Where trafficked people are receivedWhere trafficked people are sourced and receivedWhere trafficked people are sourced and receivedWhere trafficked people are sourced

ASIA -China

Total people: 1.3 Billion

• Trafficking predominantly domestic
• 10,000 to 20,000 victims per year
• 90% of victims are women and children
• Most common in poorer provinces
• Appx. 1 to 67,000 Chinese is a victim of human trafficking

Human trafficking

CHINESE PRECEDENT SUPPORTS FORCED LABOR

• History of state-sponsored forced labor
• Limited legal definition of trafficking
• Non-physical threats are not considered coercion or forceful
• Local authorities can choose to be involved in illegal activity

Locations of legal
prison labor camps
(“lao gai”) until 1997

SOUTH ASIA -India

Total Population: 1.2 billion

• 90% of trafficking is domestic
• Debt-bondage common
• Lower social class is vulnerable
• Local authorities can be involved in illegal activity
• Especially an issue in embellished factories

Provinces with high rates
of forced labor detected

MIDDLE EAST – Jordan

Total Population: 6.2 million

• Trafficking primarily trans-national
• 60% of the factory labor force in Jordan is migrant
• Migrants come predominantly from Bangladesh, Sri Lanka, China, India

Source: Countries for migrant workers in Jordan

JORDAN

• Well-documented abuses, especially in Qualified Industrial Zones

• Withholding of passports, non-payment of wages, and restriction of movement is common

• Legal penalty for Human Trafficking is moderate

• Some countries have banned work visas to Jordan because of bad conditions

• Trafficking victims are not given assistance to leave the country. Some victims choose imprisonment to secure a trip home

THAILAND

Total Population: 67 million

• Human trafficking victims are both domestic and migrant
• Dangerous border crossings mean migrants are often trafficked by guides

RED FLAGS & INDICATORS OF POTENTIAL HUMAN TRAFFICKING & FORCED LABOR

How do I know if human trafficking & forced labor is taking place?

RED FLAGS & INDICATORS OF HUMAN TRAFFICKING & FORCED LABOR

Vulnerable EmployeesRecruitment PracticesWorking Conditions
• Migrant workers
• Guest workers
• Seasonal workers
• Sub-contractors
• Illegal workers
• Apprentices
• Children
• Complex recruitment
process Working Conditions
• Use of labor brokers
• Labor fees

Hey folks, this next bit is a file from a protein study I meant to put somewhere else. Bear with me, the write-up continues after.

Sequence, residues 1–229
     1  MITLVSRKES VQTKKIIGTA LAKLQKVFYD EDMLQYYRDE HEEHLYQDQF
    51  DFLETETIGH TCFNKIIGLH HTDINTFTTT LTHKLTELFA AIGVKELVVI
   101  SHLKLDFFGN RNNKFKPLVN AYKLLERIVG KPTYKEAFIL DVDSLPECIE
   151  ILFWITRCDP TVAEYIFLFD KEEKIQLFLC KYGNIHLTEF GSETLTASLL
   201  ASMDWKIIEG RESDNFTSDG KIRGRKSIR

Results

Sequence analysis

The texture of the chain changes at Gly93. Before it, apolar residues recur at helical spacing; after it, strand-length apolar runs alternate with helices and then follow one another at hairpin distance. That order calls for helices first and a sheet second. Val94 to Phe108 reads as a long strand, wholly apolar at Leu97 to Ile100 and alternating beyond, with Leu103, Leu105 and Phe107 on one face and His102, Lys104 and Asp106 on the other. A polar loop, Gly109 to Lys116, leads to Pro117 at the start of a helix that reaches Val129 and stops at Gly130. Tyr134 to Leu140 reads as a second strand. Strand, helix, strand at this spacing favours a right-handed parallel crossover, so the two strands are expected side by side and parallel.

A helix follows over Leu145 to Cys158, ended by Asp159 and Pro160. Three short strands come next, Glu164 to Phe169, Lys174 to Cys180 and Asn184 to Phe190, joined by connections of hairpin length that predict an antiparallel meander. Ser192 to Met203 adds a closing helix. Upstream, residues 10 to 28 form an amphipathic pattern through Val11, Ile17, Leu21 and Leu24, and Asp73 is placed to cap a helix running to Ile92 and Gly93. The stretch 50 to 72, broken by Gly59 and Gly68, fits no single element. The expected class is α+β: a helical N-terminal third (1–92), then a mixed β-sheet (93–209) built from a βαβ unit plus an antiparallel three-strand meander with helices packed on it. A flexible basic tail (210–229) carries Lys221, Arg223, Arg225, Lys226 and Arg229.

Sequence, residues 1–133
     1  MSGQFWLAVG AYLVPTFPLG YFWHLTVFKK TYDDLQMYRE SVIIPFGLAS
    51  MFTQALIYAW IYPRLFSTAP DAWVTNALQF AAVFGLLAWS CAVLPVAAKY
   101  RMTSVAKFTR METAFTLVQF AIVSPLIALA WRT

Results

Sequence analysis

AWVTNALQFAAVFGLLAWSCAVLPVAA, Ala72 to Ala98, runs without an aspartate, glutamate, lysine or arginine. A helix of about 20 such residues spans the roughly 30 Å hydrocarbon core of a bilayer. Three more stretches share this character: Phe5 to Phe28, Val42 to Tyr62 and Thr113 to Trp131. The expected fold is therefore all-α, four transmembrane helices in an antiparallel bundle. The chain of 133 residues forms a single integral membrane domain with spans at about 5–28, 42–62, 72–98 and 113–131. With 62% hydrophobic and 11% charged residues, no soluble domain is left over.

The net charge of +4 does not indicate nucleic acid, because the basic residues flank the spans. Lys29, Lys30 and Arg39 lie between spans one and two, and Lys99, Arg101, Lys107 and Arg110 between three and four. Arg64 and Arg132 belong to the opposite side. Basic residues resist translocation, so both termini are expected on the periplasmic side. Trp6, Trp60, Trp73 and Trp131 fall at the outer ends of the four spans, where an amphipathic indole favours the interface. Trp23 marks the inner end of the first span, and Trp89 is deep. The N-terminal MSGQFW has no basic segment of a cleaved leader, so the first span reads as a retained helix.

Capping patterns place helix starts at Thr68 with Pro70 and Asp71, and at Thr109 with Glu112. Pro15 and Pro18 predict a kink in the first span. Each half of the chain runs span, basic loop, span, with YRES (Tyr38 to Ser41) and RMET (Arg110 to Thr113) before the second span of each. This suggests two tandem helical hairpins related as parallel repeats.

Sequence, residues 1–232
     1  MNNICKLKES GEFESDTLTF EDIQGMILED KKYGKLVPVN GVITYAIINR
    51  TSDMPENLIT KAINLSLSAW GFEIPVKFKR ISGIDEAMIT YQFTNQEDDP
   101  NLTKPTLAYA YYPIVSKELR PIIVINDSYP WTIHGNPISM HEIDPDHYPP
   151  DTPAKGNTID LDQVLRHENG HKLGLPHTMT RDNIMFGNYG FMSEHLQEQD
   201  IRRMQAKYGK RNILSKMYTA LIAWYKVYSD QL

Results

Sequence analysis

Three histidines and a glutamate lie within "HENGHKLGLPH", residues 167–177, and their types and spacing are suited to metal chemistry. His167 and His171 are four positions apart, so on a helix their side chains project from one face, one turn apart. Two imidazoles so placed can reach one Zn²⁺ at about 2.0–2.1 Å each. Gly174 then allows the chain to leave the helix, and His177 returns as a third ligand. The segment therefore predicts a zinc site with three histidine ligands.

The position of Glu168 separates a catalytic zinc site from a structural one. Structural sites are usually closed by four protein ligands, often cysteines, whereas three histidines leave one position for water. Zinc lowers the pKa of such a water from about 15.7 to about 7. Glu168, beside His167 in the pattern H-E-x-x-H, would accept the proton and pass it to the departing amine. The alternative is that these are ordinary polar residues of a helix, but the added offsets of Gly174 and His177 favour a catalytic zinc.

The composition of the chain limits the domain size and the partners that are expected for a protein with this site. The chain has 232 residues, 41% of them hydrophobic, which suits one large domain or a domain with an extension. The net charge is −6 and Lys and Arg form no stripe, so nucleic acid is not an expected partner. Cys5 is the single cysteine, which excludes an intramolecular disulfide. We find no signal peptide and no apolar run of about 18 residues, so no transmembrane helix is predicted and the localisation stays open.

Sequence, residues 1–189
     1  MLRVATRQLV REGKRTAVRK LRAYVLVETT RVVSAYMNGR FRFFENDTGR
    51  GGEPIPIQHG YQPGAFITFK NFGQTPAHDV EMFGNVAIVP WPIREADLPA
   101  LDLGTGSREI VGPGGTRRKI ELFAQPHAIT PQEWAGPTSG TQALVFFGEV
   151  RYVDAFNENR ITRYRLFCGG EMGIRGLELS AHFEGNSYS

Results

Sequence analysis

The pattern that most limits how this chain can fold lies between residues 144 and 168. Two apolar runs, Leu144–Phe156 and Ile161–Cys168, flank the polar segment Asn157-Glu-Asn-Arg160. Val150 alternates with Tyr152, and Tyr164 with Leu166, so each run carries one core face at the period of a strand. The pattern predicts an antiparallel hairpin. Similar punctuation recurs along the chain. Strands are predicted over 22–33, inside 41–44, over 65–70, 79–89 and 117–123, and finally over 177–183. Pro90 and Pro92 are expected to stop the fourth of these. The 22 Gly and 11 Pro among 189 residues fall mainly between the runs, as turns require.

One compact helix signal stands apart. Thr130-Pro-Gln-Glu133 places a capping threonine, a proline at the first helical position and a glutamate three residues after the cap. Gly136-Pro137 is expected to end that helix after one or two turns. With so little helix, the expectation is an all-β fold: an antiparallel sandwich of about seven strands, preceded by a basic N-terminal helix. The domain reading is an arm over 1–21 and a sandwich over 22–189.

• Visa restrictions
• Contract substitution
• Deception
• Passport retention
• Deduction wage withholdings
• Contract termination penalties
• Physical isolation
• Curfews
RED FLAGS & INDICATORS OF HUMAN TRAFFICKING & FORCED LABOR

DETECTING AND ADDRESSING INSTANCES OF HUMAN TRAFFICKING & FORCED LABOR

What do I do if I suspect human trafficking & forced labor is taking place?

CHALLENGES TO DETECTING HUMAN TRAFFICKING & FORCED LABOR

Human trafficking & forced labor are difficult to uncover

• Concrete evidence is often missing or hidden

• Victims are too frightened to speak out

• Non-physical methods of force are often used

  • Hard to distinguish forced actions from voluntary actions
    (For example, how do we know when a worker has chosen to work overtime,
    versus been forced to?)

ACTIONS WHEN HUMAN TRAFFICKING & FORCED LABOR IS SUSPECTED

What to do if you suspect human trafficking & forced labor is taking
place?

DO NOT attempt to take matters into your own hands!
– You may compromise any evidence and drive the offenders away, thereby making
follow-up investigations difficult or impossible

DO contact the Vendor Compliance department immediately so that
appropriate investigations can be conducted

SUMMARY

• Our supply chain strategy is guided by the Company Code of Conduct
• Company must adhere to the Transparency in Supply Chains Act as of January 2012
• Human trafficking and forced labor are difficult to define and detect
• Company’s supply chain includes countries at risk for human trafficking and forced labor
• Conditions for human trafficking and forced labor are driven more by development context than geography
• If you suspect human trafficking & forced labor is occurring, contact the Vendor Compliance team
• Company is addressing risks within its supply chain and your contribution is needed and invaluable!